Hearing held on new on-call regulations in NY

ALBANY, N.Y. (NEWS10) – A few months ago, the Department of Labor and Governor Andrew Cuomo announced they would be implementing new regulations requiring that on-call employees still get paid, even if they don’t end up working.

The regulations are still in the public comment phase, so a Senate hearing was held today to discuss the impact this will have on businesses.

“Another burdensome regulation that stifles growth and economic opportunity,” Sen. George Amedore (R-Schenectady, Albany) said.

“It will do one thing, in my opinion, kill jobs and kill opportunities,” Sen. Frederick Akshar (R-Binghamton) said.

With more and more people leaving the state, the senators say they are worried about how these new regulations will affect small businesses. Companies already have to absorb the added costs of a higher minimum wage and the new Paid Family Leave Act. Even though job growth is rising across the nation, the same is not being seen in Upstate New York.

“The city of Binghamton, the largest city I represent, in Senate District 52, has lost jobs,” Akshar said.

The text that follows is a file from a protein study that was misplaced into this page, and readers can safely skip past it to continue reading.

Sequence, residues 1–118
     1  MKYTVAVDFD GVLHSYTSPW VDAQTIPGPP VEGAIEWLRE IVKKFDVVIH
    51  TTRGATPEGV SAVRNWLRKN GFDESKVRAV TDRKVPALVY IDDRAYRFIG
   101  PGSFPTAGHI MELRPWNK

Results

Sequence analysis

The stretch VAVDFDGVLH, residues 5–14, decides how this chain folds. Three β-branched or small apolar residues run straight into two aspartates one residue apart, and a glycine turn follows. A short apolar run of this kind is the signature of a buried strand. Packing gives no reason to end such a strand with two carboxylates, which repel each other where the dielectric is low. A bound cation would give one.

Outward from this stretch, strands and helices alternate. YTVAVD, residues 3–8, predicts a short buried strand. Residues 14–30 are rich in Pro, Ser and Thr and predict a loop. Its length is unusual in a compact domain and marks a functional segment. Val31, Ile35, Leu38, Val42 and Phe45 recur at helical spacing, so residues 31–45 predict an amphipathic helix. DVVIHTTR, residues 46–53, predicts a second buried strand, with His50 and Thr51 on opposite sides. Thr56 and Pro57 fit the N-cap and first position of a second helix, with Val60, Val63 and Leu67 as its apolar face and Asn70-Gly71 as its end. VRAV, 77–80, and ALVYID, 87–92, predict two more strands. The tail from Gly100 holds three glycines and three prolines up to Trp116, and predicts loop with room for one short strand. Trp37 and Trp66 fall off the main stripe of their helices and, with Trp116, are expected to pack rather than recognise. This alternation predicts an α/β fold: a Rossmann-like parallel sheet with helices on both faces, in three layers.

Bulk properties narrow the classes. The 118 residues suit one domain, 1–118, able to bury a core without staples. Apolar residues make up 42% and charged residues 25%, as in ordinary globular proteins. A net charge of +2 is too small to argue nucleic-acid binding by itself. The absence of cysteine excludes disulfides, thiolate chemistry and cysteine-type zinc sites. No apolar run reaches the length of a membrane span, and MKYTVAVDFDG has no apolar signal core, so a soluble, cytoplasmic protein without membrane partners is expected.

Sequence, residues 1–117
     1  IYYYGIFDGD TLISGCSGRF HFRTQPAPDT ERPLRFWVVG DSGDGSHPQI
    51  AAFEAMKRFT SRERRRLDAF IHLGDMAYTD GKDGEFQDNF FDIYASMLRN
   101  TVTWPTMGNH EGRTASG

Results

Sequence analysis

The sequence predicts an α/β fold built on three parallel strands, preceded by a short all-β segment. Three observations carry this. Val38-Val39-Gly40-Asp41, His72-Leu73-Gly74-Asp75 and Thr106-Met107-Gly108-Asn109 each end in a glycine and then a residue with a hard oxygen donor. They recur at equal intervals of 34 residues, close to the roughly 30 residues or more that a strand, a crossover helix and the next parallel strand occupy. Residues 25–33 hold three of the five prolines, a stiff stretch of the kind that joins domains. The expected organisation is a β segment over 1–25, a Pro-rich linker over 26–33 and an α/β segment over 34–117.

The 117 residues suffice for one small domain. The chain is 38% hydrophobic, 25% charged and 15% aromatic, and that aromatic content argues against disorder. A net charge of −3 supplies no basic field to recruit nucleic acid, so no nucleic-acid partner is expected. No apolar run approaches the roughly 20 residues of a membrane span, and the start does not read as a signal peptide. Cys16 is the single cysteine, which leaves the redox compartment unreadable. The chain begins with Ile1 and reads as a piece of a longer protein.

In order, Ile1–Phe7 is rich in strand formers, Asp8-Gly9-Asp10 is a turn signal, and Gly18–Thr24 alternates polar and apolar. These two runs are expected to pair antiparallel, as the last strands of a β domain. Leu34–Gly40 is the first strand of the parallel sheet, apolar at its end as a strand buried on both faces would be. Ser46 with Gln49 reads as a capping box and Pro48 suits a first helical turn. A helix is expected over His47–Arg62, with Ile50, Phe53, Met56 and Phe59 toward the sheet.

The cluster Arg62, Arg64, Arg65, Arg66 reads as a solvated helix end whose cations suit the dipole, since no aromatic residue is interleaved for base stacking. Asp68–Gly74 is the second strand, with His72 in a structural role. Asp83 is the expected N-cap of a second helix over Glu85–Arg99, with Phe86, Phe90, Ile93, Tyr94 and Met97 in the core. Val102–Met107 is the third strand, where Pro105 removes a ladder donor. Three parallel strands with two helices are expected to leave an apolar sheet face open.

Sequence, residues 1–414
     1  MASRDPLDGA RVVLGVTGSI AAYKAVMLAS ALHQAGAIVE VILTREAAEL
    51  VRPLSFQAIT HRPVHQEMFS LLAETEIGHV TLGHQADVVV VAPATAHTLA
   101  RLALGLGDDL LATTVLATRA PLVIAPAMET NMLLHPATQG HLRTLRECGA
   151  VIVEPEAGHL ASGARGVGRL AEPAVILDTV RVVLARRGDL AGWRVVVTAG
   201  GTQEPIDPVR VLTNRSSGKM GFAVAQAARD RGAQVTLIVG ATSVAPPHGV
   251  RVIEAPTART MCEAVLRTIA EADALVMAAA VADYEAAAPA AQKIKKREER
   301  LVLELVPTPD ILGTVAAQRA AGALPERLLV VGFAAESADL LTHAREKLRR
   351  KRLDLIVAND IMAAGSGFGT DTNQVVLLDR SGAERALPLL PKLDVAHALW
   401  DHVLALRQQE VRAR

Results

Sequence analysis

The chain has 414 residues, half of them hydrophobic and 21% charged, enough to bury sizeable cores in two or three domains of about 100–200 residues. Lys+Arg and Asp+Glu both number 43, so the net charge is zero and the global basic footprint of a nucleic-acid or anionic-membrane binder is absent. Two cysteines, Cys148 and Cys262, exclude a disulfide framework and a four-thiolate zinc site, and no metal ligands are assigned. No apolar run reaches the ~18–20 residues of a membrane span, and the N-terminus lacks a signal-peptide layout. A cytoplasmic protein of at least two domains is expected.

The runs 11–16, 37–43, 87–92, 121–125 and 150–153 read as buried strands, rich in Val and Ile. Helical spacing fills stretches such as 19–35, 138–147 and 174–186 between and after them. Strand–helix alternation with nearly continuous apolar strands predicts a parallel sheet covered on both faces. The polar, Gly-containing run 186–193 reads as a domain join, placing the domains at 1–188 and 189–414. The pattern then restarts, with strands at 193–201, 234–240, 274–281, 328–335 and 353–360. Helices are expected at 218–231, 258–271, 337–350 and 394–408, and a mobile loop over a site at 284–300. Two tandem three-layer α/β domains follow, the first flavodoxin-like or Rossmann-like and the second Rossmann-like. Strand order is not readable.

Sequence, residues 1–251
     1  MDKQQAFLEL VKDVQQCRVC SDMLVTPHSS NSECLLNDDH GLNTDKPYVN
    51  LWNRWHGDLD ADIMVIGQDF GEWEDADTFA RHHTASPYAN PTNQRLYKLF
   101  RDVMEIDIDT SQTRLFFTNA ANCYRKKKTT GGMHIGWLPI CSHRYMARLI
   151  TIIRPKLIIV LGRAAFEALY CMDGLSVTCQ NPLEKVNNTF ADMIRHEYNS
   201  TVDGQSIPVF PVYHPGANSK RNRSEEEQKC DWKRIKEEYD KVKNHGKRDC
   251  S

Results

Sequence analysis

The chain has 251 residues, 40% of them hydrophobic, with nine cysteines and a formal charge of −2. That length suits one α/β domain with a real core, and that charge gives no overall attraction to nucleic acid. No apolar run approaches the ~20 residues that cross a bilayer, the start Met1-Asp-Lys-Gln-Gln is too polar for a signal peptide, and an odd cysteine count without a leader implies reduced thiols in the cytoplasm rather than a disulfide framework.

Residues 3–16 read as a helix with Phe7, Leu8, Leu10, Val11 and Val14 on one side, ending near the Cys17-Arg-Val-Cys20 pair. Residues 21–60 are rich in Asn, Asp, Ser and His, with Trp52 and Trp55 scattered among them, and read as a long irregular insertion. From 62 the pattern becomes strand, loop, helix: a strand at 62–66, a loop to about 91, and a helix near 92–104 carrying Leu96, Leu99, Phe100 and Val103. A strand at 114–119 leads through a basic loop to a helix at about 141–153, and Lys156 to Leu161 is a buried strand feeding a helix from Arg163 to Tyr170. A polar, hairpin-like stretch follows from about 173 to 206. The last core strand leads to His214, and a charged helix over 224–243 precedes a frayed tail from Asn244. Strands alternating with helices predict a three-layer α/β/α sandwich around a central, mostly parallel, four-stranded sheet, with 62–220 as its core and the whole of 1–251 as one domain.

“We are hurting, we are. There is a lot of worry about what this kind of mandate could do to their operations in a state where it’s already difficult to run and grow a business,” Greg Biryla, Executive Director of Unshackle Upstate, said.

The Department of Labor was invited to the hearing to testify, but they declined the offer.

“The fact that the Labor Department is not here to defend this rule change is extremely telling because I don’t think they can defend it,” Sen. Jim Tedisco (R-Saratoga) said.

“Really, I don’t think they care about the legislative process and the democracy in the way that we’re supposed to conduct ourselves in the state,” Sen. Amedore said.

One of the suggestions brought up is to have these regulations apply only to larger companies and exempt small businesses. The committee is also asking that the comment period be extended.

“Now the Governor wants a one size fits all labor regulation that is simply unfair to a major group of employers,” Senator Richard Funke (R-East Rochester) said.

There is not much the legislature can do to stop things from moving forward. Labor unions have widely supported these regulations saying that it is necessary for people to have their schedule two weeks in advance so that they can plan child-care or work a second job.

If these proposed regulations are passed, New York will have the most restrictive on call regulations in the nation.

NEWS10 ABC reached out to the Department of Labor, but have not received a response yet.

The public comment period goes until Monday, January 8th. Click here to add your comments about on-call scheduling.

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